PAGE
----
Challenges and Approaches to Statistical Design and Inference in High-Dimensional Investigations

  • Gary L. Gadbury
  • Karen A. Garrett
  • David B. Allison
Part of the Methods in Molecular Biology™ book series (MIMB, volume 553)


Advances in modern technologies have facilitated high-dimensional experiments (HDEs) that generate tremendous amounts of genomic, proteomic, and other “omic” data. HDEs involving whole-genome sequences and polymorphisms, expression levels of genes, protein abundance measurements, and combinations thereof have become a vanguard for new analytic approaches to the analysis of HDE data. Such situations demand creative approaches to the processes of statistical inference, estimation, prediction, classification, and study design. The novel and challenging biological questions asked from HDE data have resulted in many specialized analytic techniques being developed. This chapter discusses some of the unique statistical challenges facing investigators studying high-dimensional biology and describes some approaches being developed by statistical scientists. We have included some focus on the increasing interest in questions involving testing multiple propositions simultaneously, appropriate inferential indicators for the types of questions biologists are interested in, and the need for replication of results across independent studies, investigators, and settings. A key consideration inherent throughout is the challenge in providing methods that a statistician judges to be sound and a biologist finds informative.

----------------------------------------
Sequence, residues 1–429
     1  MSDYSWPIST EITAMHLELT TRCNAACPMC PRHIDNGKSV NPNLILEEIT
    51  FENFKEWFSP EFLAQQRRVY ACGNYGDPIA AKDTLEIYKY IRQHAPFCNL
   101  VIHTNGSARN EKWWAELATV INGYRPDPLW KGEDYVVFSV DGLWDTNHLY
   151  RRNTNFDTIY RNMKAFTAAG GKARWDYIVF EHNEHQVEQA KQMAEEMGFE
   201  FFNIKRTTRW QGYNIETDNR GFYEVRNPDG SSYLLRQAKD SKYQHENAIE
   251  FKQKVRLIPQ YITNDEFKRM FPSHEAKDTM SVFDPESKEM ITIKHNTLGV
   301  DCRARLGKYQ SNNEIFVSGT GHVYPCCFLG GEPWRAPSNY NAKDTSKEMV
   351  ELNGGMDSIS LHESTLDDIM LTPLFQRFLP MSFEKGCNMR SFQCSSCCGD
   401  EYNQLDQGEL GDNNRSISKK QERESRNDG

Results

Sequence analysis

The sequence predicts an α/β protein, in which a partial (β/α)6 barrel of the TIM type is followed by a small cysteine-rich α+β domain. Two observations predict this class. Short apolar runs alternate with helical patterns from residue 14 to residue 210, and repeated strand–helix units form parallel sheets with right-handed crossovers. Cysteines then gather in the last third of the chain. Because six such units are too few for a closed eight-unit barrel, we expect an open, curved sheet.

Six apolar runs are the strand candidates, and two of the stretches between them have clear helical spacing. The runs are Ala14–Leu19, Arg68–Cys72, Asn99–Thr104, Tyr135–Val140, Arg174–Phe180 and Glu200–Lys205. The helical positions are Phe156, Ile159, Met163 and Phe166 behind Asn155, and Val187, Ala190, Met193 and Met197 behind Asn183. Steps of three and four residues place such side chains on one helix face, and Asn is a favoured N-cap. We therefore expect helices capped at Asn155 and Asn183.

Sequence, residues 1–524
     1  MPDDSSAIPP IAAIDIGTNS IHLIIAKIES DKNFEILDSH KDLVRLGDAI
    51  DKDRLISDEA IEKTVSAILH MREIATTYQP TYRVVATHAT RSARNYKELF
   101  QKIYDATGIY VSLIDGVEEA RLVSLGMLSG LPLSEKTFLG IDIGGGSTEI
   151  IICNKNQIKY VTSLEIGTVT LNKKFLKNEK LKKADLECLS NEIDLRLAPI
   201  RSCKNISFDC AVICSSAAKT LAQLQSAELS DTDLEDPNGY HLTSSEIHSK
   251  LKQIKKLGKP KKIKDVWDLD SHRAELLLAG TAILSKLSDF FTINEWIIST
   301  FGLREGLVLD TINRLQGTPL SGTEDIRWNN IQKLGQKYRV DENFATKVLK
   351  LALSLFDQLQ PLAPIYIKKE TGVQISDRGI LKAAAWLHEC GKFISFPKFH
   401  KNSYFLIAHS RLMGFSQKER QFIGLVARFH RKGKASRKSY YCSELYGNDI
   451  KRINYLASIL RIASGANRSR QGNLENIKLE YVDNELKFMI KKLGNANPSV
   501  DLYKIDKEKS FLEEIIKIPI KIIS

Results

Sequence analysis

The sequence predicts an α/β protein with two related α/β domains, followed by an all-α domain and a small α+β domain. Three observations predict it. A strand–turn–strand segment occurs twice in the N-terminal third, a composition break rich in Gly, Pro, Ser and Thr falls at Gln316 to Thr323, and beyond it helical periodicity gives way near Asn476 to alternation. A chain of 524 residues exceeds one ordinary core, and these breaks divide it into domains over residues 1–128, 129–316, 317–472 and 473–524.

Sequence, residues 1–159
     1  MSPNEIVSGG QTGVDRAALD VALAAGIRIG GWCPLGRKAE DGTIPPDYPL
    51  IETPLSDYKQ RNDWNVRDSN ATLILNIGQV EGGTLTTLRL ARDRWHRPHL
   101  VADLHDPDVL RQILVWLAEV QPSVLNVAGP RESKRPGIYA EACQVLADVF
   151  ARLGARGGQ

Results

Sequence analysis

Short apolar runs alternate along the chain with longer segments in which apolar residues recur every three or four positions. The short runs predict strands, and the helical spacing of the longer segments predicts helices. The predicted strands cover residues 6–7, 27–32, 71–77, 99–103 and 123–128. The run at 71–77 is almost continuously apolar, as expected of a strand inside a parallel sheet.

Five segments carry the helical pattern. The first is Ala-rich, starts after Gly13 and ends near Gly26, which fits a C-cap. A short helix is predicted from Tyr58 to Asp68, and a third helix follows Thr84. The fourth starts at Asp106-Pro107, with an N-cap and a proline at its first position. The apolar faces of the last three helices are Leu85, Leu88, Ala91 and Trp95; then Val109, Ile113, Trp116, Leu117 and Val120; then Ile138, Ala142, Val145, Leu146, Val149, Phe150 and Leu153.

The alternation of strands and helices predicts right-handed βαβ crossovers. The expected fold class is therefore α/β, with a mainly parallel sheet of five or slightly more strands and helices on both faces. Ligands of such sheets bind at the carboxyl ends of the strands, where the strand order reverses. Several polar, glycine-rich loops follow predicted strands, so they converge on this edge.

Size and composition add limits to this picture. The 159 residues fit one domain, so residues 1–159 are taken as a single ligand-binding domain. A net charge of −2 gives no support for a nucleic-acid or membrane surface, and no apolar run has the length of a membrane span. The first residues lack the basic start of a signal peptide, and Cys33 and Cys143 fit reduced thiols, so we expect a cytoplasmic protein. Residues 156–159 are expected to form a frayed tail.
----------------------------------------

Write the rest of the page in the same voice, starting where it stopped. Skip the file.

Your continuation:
Key words

FDR genomics high-dimensional microarray multiple testing statistics 



D. Allison and G. Gadbury acknowledge the support from NIH Grant U54 CA100949. K. Garrett acknowledges the support from NSF Grants DBI-0421427, DEB-0516046, and EF-0525712, and DOE Grant DE-FG02-04ER63892. Gadbury and Garrett are grateful to programs supporting research from the Ecological Genomics Institute, Kansas State University, and the NSF Long Term Ecological Research Program at Konza Prairie, Kansas, and the Kansas Agricultural Experiment Station (Contribution No. 09-118-B).


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Copyright information

© Humana Press, a part of Springer Science+Business Media, LLC 2009

Authors and Affiliations

  • Gary L. Gadbury
    • 1
  • Karen A. Garrett
    • 2
  • David B. Allison
    • 3
  1. 1.Department of StatisticsKansas State UniversityManhattanUSA
  2. 2.Department of Plant PathologyKansas State UniversityManhattanUSA
  3. 3.Section on Statistical Genetics, Department of BiostatisticsUniversity of Alabama at BirminghamBirminghamUSA

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